What Is Octocrylene And Should It Be In Your SPF?

Despite how much we need the sun, its warmth and vitamin D comes with harmful rays. It is even recommended to wear sunscreen indoors. According to Northwestern Medicine, SPF should be worn even when it is cloudy. Your skin can consume up to 80% of damaging sun rays even when it's not sunny.

From the main SPF options, there are mineral and chemical sunscreens. Mineral sunscreen, sometimes referred to as physical sunscreen, shields your skin from UV rays, according to Healthline. While chemical SPF absorbs the harmful rays before your skin can.

While you know that sunscreen is important, learning what each ingredient in it does is no simple feat. Take, for example, octocrylene, an ingredient that you may find listed on the label of your chemical sunblock. But what is octocrylene, and how can it help with sun protection? Here is what you need to know about this important sunscreen ingredient. 

A key sunscreen ingredient

Octocrylene is an active ingredient in chemical sunscreens. According to Medical News Today, it is an organic compound that dissolves in oil. Because it does not dissolve in water, octocrylene continues to protect your skin as you enjoy the ocean waves. However, it is still best to reapply after your swim. This key ingredient contains emollient properties, which help to soften and moisturize the skin.

UV protection is critical, even with sunglasses. When it comes to sunscreen, octocrylene projects against UV radiation and stabilizes other active chemicals, according to Byrdie. It remains approximately 90% effective 95 minutes after application. This is highly effective. To get a comparison, avobenzone, another chemical sunscreen ingredient, wears after half an hour. This effectiveness prolongs your protection against UVA and UVB rays. UVA increases signs of aging like wrinkles, while UVB rays are what cause sunburn. Now that you can pronounce octocrylene and know what it does, find out if it's right for you.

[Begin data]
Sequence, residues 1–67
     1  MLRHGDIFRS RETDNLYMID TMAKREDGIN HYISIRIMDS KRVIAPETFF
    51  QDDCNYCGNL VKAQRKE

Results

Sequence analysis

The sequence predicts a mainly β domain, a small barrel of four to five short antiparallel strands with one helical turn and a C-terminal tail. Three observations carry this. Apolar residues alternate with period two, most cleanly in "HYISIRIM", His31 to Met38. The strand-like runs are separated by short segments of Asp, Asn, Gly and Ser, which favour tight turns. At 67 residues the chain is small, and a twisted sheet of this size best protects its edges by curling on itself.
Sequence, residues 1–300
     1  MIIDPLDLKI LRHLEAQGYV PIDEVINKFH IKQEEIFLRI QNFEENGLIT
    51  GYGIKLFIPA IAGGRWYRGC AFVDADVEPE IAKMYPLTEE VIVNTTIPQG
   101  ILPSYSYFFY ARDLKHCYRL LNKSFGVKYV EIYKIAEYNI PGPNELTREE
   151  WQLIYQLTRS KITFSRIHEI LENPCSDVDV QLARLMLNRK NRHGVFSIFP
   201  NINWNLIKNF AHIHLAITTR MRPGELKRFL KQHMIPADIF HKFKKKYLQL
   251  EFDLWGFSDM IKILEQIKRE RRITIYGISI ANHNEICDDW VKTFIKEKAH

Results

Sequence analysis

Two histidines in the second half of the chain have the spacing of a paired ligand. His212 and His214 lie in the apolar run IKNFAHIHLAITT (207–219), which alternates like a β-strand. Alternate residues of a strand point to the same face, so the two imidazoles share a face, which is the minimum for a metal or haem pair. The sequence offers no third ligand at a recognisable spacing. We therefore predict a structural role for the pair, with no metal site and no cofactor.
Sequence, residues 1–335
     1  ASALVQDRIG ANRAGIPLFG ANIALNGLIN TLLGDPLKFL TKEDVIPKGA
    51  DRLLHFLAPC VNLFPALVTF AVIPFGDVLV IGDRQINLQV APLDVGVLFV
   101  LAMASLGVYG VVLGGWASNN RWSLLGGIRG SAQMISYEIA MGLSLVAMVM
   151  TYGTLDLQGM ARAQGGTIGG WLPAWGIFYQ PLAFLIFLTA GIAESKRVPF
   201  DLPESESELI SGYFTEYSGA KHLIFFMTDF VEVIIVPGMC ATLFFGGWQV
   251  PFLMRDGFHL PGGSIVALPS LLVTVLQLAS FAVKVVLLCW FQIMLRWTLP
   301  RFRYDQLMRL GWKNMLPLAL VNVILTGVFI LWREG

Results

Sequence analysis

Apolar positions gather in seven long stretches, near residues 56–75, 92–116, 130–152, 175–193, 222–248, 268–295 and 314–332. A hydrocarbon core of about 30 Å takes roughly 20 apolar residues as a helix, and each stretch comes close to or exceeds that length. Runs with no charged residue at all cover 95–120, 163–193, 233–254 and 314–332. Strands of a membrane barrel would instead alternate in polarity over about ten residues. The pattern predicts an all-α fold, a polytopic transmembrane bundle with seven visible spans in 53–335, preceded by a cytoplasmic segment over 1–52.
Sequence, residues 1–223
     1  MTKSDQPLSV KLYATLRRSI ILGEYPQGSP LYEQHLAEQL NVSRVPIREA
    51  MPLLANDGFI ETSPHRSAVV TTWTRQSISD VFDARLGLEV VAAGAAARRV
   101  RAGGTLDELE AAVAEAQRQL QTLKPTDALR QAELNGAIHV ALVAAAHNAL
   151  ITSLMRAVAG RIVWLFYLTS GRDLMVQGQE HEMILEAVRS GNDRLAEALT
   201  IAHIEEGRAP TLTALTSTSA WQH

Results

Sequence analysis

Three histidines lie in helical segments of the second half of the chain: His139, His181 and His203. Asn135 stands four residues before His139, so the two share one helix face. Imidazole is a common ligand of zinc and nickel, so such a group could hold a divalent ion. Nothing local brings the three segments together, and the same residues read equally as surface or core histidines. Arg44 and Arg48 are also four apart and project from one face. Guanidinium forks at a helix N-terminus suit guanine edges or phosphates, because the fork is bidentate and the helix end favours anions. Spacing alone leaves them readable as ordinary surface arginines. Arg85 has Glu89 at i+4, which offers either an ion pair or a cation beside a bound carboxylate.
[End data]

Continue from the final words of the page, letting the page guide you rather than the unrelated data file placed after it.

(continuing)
Is octocrylene safe?

Octocrylene is not only in sunblock. This compound is a common ingredient in other cosmetic products, such as lip balms, anti-aging creams, and hair conditioners because of its health benefits, according to Medical News Today. Despite its several benefits octocrylene may not be safe for everyone. Board-certified dermatologist Marie Hayag shared with Byrdie that children and people with sensitive skin are susceptible to allergic reactions using this chemical ingredient. Those breastfeeding can also transfer octocrylene into the milk when applying it to their skin. Mineral sunscreens are a suitable alternative to avoid octocrylene.

In light of those warnings, octocrylene in general is safe. It is FDA regulated and capped at a 10% concentration for products, according to Derm Review. A higher amount of octocrylene can be dangerous. Whether you are considering a mineral or chemical SPF, it is essential to have sunscreen in your routine. It is best to patch test any skincare product to ensure it cooperates with your skin type.